What is Citizen Science?

Streamwatch

Citizen Science is the collection and analysis of data collected by the general public to be used for scientific research. It is usually done collaboratively with professional scientists. It can also be described as public participation in scientific research.

Citizen science is very important as it enables scientists to collect data that would otherwise be impossible or expensive to collect by themselves. With the help of modern technology, people from all over the world can contribute to scientific studies by sharing data with each other.

Community Groups

Scientists often work with community groups as they may already be involved in similar projects, for example if they are working to help their local wildlife, and the citizen science program involves identifying wildlife species, then this collaboration will assist both parties in reaching their goals. The community groups are especially helpful as they can help by promoting the project to bring in new people, to generate ideas, and engage with scientists for advice.

A community group will have a variety of people with different skills and backgrounds too,  so scientists will be able to utilize these skills to expand their project and data collection methods. Volunteers can include kids, school students, amateur scientists, retirees and educators.

Citizen science programs are also a great opportunity for students and other volunteers to increase their knowledge and skills in a particular area.  Looking into volunteering opportunities that relate to your studies will greatly increase your chances in getting a job.

Citizen Science at CHEN

If you are looking into working in the environment field, whether it is on the research or community engagement side of things, volunteering with a group that increases knowledge and gives you valuable skills, will be very beneficial to your future career.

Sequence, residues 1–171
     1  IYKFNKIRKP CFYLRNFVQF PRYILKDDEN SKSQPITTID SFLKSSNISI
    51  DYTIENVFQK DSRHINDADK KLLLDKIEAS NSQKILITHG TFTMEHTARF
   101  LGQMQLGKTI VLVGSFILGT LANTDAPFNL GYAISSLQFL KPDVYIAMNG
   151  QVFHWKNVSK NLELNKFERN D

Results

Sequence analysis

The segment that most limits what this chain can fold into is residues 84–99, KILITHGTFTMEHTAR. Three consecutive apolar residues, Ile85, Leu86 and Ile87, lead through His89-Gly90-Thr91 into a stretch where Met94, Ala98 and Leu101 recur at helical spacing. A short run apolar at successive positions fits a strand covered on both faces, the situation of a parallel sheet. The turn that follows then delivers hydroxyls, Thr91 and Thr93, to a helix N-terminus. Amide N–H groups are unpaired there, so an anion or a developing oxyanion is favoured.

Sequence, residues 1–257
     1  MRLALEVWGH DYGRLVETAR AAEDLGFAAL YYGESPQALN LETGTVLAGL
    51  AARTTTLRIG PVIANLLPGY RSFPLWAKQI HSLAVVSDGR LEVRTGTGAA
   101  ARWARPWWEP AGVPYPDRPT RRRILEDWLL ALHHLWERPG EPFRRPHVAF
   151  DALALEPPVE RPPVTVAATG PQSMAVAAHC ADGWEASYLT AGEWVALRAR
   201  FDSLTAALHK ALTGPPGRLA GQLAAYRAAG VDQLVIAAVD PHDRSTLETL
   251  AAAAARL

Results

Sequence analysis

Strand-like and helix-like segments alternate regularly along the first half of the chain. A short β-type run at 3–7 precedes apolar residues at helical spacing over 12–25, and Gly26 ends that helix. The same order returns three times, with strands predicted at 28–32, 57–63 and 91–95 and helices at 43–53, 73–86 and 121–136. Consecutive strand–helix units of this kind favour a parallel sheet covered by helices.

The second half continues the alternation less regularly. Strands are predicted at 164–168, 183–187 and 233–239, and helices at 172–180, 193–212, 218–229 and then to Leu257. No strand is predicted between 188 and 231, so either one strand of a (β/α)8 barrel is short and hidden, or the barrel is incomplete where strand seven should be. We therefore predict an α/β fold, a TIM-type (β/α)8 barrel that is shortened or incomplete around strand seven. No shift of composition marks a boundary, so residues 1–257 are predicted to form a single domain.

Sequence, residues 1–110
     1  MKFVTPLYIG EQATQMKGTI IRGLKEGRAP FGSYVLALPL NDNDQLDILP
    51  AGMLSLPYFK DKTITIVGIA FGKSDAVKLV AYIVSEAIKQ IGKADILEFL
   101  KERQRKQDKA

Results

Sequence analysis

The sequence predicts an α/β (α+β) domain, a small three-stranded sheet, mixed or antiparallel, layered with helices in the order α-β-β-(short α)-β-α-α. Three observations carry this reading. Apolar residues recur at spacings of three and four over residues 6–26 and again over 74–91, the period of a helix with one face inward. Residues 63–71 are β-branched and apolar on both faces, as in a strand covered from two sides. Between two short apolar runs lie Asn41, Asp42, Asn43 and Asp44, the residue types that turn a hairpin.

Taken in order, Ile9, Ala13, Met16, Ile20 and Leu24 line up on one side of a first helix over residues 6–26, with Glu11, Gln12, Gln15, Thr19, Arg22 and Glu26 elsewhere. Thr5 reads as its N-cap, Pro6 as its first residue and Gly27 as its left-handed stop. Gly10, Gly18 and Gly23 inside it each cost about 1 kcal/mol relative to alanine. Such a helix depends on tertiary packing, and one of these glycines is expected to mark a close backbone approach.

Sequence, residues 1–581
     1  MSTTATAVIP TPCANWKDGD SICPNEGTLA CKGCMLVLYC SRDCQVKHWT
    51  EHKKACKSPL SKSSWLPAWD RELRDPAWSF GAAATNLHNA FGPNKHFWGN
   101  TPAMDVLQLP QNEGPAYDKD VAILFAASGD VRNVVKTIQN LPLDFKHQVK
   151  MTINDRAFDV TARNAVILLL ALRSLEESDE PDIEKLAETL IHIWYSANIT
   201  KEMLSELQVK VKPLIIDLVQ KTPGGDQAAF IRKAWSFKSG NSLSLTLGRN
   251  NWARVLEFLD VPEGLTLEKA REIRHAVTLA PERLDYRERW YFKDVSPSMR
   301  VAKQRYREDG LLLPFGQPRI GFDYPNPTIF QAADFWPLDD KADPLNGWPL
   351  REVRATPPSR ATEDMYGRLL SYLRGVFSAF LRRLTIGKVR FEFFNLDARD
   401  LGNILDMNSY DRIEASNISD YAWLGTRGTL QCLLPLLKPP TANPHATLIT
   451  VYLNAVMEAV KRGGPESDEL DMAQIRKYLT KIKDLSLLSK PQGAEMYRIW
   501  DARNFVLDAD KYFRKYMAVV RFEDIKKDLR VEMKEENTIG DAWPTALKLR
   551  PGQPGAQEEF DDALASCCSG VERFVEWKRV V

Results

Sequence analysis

CHEN has a Landcare group that includes bush regeneration and citizen science opportunities. Our citizen science opportunities include, water quality testing which is in collaboration with Streamwatch; identifying and taking hollow measurements, which is in collaboration with Hollows as Homes; and Frog ID which is in collaboration with the Australian Museum.

We also partake in bush regeneration activities which is not a citizen science project but does provide you with knowledge and skills related to land management and plant identification.

If you want to get ahead in your career by partaking in such activities, please contact us to get involved.

Please email, danielle@chen.org.au for more information, otherwise click this link to be added to the Fred Caterson Landcare Group where you can keep up to date with what we are doing and come along!

 

Platypus eDNA water sampling – thank you to volunteers

Platypus eDNA water sampling – thank you to volunteers

Our sampling would not have been possible without the generosity of volunteer citizen scientists (including a number of CHEN members) and students from Western Sydney University (WSU).